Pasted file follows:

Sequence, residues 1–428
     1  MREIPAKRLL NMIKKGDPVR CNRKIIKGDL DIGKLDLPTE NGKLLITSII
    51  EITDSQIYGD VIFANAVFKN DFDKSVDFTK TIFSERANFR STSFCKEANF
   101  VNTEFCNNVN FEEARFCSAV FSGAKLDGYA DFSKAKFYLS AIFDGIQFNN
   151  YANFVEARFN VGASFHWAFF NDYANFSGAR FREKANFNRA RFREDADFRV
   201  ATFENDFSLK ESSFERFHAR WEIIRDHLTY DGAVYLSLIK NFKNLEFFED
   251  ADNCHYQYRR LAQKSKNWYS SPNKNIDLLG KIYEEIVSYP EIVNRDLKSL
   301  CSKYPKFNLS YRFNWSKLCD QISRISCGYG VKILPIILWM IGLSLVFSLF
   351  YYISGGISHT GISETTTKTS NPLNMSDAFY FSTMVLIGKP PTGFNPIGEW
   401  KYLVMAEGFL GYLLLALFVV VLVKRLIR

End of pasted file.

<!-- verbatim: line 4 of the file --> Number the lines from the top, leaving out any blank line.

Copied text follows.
   101  VNTEFCNNVN FEEARFCSAV FSGAKLDGYA DFSKAKFYLS AIFDGIQFNN